Virginia Stage Company's "I Sing the Rising Sea" is audacious, but lacks focus
By Mal Vincent
From its production announcement over a year ago, “I Sing the Rising Sea” has faced an identity problem.
The new work, part of the Virginia Stage Company’s American Soil Series, became known as “the climate change musical.” As it turns out, that wasn’t quite right. The play begins about 80 years ago at Ocean View Amusement Park in Norfolk, just a few miles from the Goode Theater where it staged its premiere last week. Some of it occurs in the present day, and then it skips along to 2047 and ends, sort of, in Antarctica in “the dry valleys” which, we are told, resemble Mars. There are feverish stops in New York, Washington and a radiation-strifed Japan.
The play does examine the threat of sea level rise, but it lacks urgency and the dramatic conflict that might propel the story. The impact is diminished by a lack of focus.
It’s all over the place, but the audacity of it all is diverting. This is the very definition of “epic,” for it covers multiple generations, from African American Granby Collins, whose father has lost his house to the seas off Ocean View, to a descendant, also named Granby, who is researching the ancient ices of Antarctica. There is place-dropping and name-dropping galore. Excess is both this show’s attraction and threat.
We meet a white female flagpole sitter at Ocean View in 1933 who makes friends with a young Granby. The historic local “Storm of 1933” ruins her pole-sitting quest, and Granby helps her out of a jam. In 1933, the park is segregated, but she makes a pact with him that he go to Columbia University. It seems an easy choice. The flagpole sitter wants to become a famous architect and automatically does. No real drama.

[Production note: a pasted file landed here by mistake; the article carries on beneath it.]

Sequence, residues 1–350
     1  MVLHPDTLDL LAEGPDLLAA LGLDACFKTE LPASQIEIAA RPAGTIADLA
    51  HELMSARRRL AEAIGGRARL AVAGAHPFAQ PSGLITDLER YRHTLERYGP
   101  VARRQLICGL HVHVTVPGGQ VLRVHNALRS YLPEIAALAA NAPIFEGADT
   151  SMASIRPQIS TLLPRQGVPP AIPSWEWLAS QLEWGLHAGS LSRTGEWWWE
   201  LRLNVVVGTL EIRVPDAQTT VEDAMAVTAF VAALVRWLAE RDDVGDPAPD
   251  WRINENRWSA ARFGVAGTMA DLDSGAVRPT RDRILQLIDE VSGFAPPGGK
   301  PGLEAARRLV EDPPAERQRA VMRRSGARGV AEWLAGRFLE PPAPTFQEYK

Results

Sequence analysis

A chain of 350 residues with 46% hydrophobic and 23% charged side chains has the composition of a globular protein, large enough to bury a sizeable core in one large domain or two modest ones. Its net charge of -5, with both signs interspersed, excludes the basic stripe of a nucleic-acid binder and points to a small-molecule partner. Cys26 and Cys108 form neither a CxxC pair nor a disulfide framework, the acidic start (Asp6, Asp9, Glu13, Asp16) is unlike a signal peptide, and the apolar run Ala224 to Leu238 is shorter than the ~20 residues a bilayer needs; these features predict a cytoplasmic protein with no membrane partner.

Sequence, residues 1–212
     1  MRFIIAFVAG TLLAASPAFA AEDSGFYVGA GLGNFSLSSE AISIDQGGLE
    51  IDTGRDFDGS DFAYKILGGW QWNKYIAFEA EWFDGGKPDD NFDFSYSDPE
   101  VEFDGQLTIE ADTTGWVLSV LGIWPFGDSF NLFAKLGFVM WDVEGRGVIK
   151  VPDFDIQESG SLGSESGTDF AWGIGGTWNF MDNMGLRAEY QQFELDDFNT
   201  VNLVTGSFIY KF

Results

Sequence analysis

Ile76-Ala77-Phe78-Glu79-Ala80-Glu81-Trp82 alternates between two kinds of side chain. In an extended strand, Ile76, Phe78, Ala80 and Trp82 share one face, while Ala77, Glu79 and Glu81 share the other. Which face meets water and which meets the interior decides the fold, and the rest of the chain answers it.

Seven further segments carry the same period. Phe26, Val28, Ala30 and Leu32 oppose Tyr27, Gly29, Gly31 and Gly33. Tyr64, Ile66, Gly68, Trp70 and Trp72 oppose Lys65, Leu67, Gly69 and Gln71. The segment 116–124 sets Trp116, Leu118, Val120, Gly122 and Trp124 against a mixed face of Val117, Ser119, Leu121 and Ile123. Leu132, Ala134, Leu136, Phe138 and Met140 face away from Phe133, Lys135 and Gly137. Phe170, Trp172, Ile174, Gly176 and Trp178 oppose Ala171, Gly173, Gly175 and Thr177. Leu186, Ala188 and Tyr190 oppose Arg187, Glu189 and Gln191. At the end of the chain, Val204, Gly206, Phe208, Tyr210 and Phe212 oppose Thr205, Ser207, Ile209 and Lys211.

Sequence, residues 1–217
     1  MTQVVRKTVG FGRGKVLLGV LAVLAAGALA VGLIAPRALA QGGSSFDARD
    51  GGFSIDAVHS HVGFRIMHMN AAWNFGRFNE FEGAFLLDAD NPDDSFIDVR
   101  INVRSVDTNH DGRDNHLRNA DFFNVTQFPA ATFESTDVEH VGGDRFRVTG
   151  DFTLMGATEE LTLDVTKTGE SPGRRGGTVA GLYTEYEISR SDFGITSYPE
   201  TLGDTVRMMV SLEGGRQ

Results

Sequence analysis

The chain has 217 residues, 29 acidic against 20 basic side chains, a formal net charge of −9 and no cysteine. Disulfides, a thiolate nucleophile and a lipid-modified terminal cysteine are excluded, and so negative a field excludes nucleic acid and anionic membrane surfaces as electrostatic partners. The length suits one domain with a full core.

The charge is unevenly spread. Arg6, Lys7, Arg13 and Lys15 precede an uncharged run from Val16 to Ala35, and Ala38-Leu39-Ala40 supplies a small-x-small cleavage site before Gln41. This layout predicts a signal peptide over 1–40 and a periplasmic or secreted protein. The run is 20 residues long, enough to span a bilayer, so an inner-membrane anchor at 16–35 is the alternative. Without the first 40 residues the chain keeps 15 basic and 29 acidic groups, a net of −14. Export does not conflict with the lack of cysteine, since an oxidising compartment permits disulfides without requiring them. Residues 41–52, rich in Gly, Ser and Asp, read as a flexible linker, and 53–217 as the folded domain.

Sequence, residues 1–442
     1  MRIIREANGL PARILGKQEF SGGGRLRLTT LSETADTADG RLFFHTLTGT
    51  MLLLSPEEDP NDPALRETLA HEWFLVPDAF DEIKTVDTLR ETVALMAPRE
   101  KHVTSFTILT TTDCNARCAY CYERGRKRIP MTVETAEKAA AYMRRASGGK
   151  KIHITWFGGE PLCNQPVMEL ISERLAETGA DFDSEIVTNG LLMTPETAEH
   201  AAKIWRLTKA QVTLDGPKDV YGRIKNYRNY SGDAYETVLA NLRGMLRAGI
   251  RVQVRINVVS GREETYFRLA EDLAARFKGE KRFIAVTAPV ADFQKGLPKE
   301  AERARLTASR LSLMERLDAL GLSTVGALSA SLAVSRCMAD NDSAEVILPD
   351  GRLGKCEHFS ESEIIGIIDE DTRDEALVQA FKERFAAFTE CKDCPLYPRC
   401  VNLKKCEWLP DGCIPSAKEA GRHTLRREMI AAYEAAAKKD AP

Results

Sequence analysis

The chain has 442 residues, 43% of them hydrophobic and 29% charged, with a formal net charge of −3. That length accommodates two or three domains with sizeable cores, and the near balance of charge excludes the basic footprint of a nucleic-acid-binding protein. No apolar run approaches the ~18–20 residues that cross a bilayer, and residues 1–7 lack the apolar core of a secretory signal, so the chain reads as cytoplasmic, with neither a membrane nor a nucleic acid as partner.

The play features two or three cultural-clash and East-vs.-West romances involving the Granby men.
Among the more unlikely, and largely pointless, digressions is the introduction of the famed writer and poet Langston Hughes, who becomes a friend of the Norfolk youth and quotes a few lines of poetry. This allows Anthony Mark Stockard, the head of the theater department at Norfolk State University, to sing “Lonesome Weary Blues” (the song that got the best audience response) plus a song about atoms.
After intermission, Emperor Hirohito stops by for a song. Jackie Robinson pops up. As do Pearl Harbor, the battleship Missouri and race relations and civil rights concerns in America. It feels like merely touching bases. Global warming is often left cooling.
The score, composed with often touching lyrics by Eric Schorr, is good – one we’d like to hear more of, and hear it expanded to orchestral treatment. Some of the 22 songs come across as sound bites rather than fully developed songs but still are quite good. Schorr makes each of them serve a dramatic mood.
The composer has done local homework throughout – right down to ordering a strawberry shake from Doumar’s.
The ensemble, which includes six Equity pros and three local youngsters, fares well. Rona Figueroa has a spunky stage presence. Charles Browning aptly fills in the family tree as Granby Jr. Betsy Dilellio does better as the young flagpole sitter than she does in aging makeup as the stuffy architect. Alan Ariano is an ingratiating singer as Hirohito.
Director Chris Hanna obviously relishes the newness of this project and the value of taking risks like this to put the Virginia Stage Company on the map. This is the type of programming that draws the attention of Tony voters for regional theaters.
“I Sing the Rising Sea” is out of control in conventional ways, but it’s the kind of adventure that live theater should be – making us wonder what outlandish turn it will next take. The daring, and Schorr’s music, make it worth a ticket.